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26 Cards in this Set

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Amino acids are a part of nutritional requirement. What is the result of hacing a PROTEIN MALNUTRITION?
Kwashiokor (swollen belly)
What is the result of a caloric deficiency?
Marrasmus
What are the amino acids fed intravenously after surgery?
Glutamine and Arganine
What are the two major reactions for urea detoxification?
1.)Ammonia and Glutamic Acid-----> Glutamine (temporary)

2.) Ammonia w/ Urease to Urea and CO2.
Certain individuals require more amino acids than others. What are some of these examples?
Growing children, body builders and pregnant women have elevated needs of amino acids.
What are the nine essential amino acids?
Valine
Leucine
Isoleucine
Trytophan
Threonine
Lysine
Methionine
Phenylalanine
Histidine
What is the "special problem" with histidine and determining whether it is essential or not?
In some cases it is essential. Some histidine is made in the body in low concentration and it is often not enough. Nonetheless, it is not essential because it can be made.
Where is the histidine in the body coming from?
From CARNOSINE. Recall however that the carnosine was originally made from previously consumed histidine thus making it an essential amino acid.
What amino acid is said to be toxic?
Cysteine because it is highly insoluble and its build up can cause cysteine stones (kidney stones)
Amino acids including the essential amino acids can be made in the body if what is ingested? For what essential amino acids does this not work? For what other 2 amino acids does this not work? Why?
The body can make the amino acids if one ingests the alpha keto acid analog of the amino acid. It does not work for Lysine, Threonine, Proline and hydroxyproline because they do not have Aminotransferases.
What is the purpose and a problem with synthesizing amino acids as those above?
The purpose of the above reactions is to keep ammonia concentrations low.

1) it does not work for all including 2 essential amino acids.

2.) Alpha keto gluterates are toxic.
Only L Amino acids (and glycine) are used in protein synthesis. So what does the body do with a D Amino acid it consumes?
D Amino acid OXIDASE change D AA to the alpha keto analog and finally to the L- AA. Problem is it can only convert small concentrations.
What is the SPARING PHENEOMENA? Give 2 examples.
When some essential amino acids can be converted to NONessential amino acids.

Tyrosine from Phenylalanine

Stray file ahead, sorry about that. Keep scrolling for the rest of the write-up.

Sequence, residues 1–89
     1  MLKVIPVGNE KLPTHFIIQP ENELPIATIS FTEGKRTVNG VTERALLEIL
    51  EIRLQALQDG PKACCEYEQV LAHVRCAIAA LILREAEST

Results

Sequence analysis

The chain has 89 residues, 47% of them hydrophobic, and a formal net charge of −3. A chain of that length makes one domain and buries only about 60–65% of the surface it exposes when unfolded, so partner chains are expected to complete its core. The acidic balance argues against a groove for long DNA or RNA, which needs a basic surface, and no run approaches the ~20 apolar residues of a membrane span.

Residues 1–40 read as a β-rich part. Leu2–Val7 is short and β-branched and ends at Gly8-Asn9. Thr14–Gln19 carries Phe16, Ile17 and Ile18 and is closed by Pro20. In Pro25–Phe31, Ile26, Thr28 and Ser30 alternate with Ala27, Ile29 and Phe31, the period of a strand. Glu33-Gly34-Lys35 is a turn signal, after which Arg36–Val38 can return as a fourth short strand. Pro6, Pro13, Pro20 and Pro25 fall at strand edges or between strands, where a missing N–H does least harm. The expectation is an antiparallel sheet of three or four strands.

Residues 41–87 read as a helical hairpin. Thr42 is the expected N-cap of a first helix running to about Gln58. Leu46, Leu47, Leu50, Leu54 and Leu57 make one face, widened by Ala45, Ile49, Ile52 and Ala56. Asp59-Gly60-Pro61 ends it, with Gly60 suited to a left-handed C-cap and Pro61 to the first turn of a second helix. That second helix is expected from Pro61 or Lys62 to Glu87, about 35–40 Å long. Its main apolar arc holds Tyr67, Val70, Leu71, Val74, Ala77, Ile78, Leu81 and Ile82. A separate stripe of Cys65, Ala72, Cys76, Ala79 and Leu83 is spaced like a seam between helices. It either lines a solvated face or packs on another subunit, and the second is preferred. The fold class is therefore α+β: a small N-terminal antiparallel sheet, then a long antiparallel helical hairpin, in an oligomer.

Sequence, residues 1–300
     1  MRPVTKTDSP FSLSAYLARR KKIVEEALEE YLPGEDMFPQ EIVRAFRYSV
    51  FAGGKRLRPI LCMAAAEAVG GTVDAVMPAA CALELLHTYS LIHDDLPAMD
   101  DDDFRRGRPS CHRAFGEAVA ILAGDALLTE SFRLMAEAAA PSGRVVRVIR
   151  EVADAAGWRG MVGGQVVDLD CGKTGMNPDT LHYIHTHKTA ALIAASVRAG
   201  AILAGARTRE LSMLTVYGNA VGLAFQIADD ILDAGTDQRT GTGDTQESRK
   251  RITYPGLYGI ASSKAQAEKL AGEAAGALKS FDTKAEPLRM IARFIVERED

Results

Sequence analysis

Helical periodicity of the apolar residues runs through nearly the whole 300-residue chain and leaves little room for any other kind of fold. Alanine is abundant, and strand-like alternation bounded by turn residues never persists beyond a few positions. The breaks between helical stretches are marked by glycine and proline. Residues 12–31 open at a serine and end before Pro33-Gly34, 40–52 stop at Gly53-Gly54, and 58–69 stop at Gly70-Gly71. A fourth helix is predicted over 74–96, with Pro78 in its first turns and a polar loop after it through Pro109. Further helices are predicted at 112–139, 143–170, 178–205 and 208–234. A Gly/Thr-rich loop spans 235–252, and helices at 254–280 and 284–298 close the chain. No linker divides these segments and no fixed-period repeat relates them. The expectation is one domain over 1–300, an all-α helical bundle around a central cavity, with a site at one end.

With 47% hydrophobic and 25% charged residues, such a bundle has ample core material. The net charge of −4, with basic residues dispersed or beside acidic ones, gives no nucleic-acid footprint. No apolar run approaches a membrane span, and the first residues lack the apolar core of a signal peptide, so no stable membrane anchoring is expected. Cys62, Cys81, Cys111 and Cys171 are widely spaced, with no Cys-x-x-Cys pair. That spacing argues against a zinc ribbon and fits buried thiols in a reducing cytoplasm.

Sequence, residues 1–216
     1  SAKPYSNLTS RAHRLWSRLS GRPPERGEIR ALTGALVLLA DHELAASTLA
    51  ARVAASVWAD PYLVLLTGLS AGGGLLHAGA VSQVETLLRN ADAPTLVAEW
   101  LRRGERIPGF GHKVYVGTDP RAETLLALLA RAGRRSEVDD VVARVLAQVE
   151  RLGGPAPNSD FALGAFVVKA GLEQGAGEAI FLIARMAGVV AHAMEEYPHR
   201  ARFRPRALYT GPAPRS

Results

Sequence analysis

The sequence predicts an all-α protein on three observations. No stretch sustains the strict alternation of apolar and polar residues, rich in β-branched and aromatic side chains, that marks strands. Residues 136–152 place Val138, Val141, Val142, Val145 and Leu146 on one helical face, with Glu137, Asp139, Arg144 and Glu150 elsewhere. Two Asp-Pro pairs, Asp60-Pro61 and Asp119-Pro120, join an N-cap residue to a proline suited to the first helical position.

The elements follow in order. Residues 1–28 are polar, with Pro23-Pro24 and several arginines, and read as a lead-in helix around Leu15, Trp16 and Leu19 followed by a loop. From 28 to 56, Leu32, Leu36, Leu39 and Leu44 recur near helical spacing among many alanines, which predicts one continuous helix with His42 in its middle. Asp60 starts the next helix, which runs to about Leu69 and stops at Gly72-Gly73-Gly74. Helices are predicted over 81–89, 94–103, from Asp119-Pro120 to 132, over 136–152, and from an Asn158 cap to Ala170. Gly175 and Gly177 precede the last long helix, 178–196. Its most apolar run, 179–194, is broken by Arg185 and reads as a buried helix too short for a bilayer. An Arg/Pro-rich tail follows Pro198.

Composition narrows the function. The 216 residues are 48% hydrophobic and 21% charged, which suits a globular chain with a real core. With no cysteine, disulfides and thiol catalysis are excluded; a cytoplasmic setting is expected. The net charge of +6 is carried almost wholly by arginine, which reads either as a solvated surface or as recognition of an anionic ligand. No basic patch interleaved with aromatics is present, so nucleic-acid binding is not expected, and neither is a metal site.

Cysteine from Methionine
If fed radioactive Carbon, what AA acids would you expect to be radioactively labeled? What are two problems?
All the nonessential AA should be labeled since they would use the C14 carbon.

1.) Tyrosine would not be radioactive because its carbons come from Phenylalanine (essential)

2.) Methionine becomes radioactive because it uses Cysteines carbon.
What is the first step in an aminotransferase reaction? ussually requires what vitamin?
Loss of the amino group. B6 complex.
The typical aminotransferase reaction is as follows:
AA1 gives NH3 to E-PLP which is now called E-PAP. E-PAP then transfers the NH3 group to the Alpha keto acid analog of another AA to give the Amino acid and the original E-PLP.

E-PLP + AA1--> E-PAP + AKAA
E-PAP + AKAA2 --> E-PLP + AA2
What are the important steps of Aminotransferase reactions, mechanistically?
The enzyme and the AA combine to make an Aldimine (Schiff's base) which undergoes a hydride shift and tautomerization to give a KETAMINE.
All Aminotransferases are what kind of enzynes?
They function on a Ping-Pong mechanism (bi bi). At least 2 half reactions.
What are 2 clinically important transaminases?
1.) SGPT- High concentration suggests liver problems. (transfers amine from GLU to ALA)

2.) SGOT- high concentration indicates liver problem. (Amine transfer from GLU to ASP)
Some Transaminases can even act on Carbons other than the alpha carbon. What is an example of this?
Ornitine + NH3 ---> GLN Semialdehyde
Besides aminotransferases what other CLASS of reactions are typical of AA? How is it different?
OXIDATIVE DEAMINATION. Here amino groups are still removed but by oxidation NOT transfers.
Give an example of a Oxidative Deamination. Note the equilibrium. What acivates/deactivates the reaction.
Glutamine deamination. Converts Glu to its alpha keto acid analog. Product favored. Activated by ADP and inhibited by ATP.
Oxidative deamination and Aminotransfer reactions can be coupled. What is the overall reaction. What can this lead to?
AA + H20 + NAD --> AKAA + NADH + NH4+

Always yields the AKAA of the AA. Problem is taht AKAA are toxic as is NH4. Further if those are high eq shifts to the left (away from AKG) so no TCA cycle energy.
Why is it that NH4 is so toxic in the body?
Amongst other things, it shifts equilibrium away from ATP production and does not allow the body to produce energy.
other than aminotransferases and oxidative deamination, what is another reaction of AA? What is the overall reaction?
Amino Acid Oxidases

AA + E-FMN ---> AKAA + NH3 +
E-FMNH2

then
E-FMNH2 + O2 --> E-FMN + H2O2
Finally some AA undergo hydration reactions. Give an example.
Serine ---> pyruvate
Threonine ---> AKetobutyrate